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Home  >>  CBSE XII  >>  Math  >>  Integrals
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Prove the following\[\int\limits_0^\frac{\pi}{2}\sin^3x\;dx=\frac{2}{3}\]

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Toolbox:
  • $\int \limits _a^b f(x)dx=F(b)-F(a)$
  • (ii) $ \sin ^2 x=1-\cos ^2 x$
  • (iii)$ \int \sin x dx=-\cos x +c$
Given $I=\int \limits_0^{\pi/2} \sin ^x dx=\frac{2}{3}$
 
$\sin ^3 x$ can be written as $\sin ^2x.\sin x$
 
Hence $I=\int \limits_0 ^ {\pi/2}sin ^2x.\sin x dx$
 
But $ \sin ^2x=1-\cos ^2 x$
 
Therefore $I=\int \limits_0^{\pi/2} (1-\cos ^2 x).\sin x dx$
 
on expanding we get
 
$I=\int \limits_0^{\pi/2} (\sin x -\cos ^2x.\sin x) dx$
 
on seperating the terms,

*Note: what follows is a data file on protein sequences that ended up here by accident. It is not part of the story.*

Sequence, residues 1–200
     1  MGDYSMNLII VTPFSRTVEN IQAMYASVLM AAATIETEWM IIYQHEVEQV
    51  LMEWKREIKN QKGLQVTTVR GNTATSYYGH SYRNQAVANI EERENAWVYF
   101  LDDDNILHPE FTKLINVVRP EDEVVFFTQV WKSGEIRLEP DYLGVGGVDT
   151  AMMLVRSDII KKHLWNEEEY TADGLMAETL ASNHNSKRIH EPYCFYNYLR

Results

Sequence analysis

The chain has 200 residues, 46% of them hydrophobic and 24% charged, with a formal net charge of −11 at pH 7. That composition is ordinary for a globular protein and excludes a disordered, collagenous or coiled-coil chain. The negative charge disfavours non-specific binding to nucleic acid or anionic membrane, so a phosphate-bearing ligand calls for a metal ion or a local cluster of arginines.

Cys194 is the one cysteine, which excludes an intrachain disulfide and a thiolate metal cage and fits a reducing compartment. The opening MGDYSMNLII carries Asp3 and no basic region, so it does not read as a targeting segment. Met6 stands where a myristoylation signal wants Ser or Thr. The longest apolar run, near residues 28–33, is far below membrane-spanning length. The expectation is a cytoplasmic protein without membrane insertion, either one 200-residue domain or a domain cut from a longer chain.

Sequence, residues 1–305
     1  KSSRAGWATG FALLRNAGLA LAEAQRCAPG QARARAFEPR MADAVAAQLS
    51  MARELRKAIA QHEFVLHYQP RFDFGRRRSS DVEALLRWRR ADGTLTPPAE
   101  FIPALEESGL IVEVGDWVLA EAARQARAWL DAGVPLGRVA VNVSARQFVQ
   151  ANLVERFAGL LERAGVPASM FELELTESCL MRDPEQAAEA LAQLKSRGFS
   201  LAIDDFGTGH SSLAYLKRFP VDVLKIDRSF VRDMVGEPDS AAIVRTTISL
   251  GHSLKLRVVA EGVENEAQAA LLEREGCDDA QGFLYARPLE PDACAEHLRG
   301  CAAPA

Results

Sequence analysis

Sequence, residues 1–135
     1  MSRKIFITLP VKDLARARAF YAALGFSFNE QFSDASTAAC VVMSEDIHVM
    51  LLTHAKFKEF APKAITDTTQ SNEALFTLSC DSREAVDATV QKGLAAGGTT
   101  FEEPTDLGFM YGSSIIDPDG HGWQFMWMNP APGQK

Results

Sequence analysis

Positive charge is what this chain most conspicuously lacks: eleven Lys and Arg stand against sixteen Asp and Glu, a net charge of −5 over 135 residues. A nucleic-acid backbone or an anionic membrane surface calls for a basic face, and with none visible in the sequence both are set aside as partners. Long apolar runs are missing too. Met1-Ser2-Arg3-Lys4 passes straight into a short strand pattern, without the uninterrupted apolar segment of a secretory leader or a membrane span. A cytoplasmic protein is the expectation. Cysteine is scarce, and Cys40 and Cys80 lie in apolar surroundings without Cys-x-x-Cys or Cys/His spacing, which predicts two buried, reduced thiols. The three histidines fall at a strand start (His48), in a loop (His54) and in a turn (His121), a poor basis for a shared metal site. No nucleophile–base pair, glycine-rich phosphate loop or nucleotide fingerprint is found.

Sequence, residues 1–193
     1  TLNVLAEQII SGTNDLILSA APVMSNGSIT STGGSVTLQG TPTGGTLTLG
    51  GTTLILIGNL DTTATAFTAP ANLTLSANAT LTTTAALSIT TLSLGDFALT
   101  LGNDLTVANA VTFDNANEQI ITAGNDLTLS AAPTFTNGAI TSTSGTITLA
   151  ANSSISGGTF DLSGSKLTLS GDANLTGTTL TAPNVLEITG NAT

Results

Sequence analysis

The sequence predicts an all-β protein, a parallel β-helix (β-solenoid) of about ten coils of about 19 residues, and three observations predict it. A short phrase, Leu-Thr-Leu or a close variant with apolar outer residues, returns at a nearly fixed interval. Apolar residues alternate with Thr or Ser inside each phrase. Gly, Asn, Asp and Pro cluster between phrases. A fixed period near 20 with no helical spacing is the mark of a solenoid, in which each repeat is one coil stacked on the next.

$I=\int \limits_0^{\pi/2} \sin x dx -\int \limits _0^ {\pi/2} \cos ^2 x.\sin x dx$
 
Let $I_1=\int \limits_0^{\pi/2} \sin x dx$
 
Consider $I_2=\int \limits _0^ {\pi/2} \cos ^2 x.\sin x dx$
 
Let $ \cos x =t,$ on differentiating w.r.t x we get
 
$-\sin x dx =dt \qquad => \sin x dx =-dt$
 
The value of the limit changes when we substitute t
 
When x=0 $\cos 0=1$ hence t=1 and When $x=\frac{\pi}{2}, \cos \pi/2=0,hence\; t=0$
 
Therefore $I_2=-\int\limits_1^0 t^2 dt$
 
Therefore $I=I_1+I_2$
 
$=\int \limits_0^{\pi/2} \sin x dx-\int\limits_0^1 -t^2 dt$
 
On integrating we get,
 
$I=[-\cos x ]_0^{\pi/2}+[\frac{t^3}{3}]_1^0$
 
On applying the limits we get ,
 
$I=[-\cos \pi/2 -(-\cos 0)]+[0-\frac{1^3}{3}]$
 
But $\cos \pi/2=0\; and\; \cos 0=1$
 
Hence $I=[0+1]+[-\frac{1}{3}]$
 
$=1-\frac{1}{3}=\frac{2}{3}$

 

 

answered Mar 13, 2013 by meena.p
 
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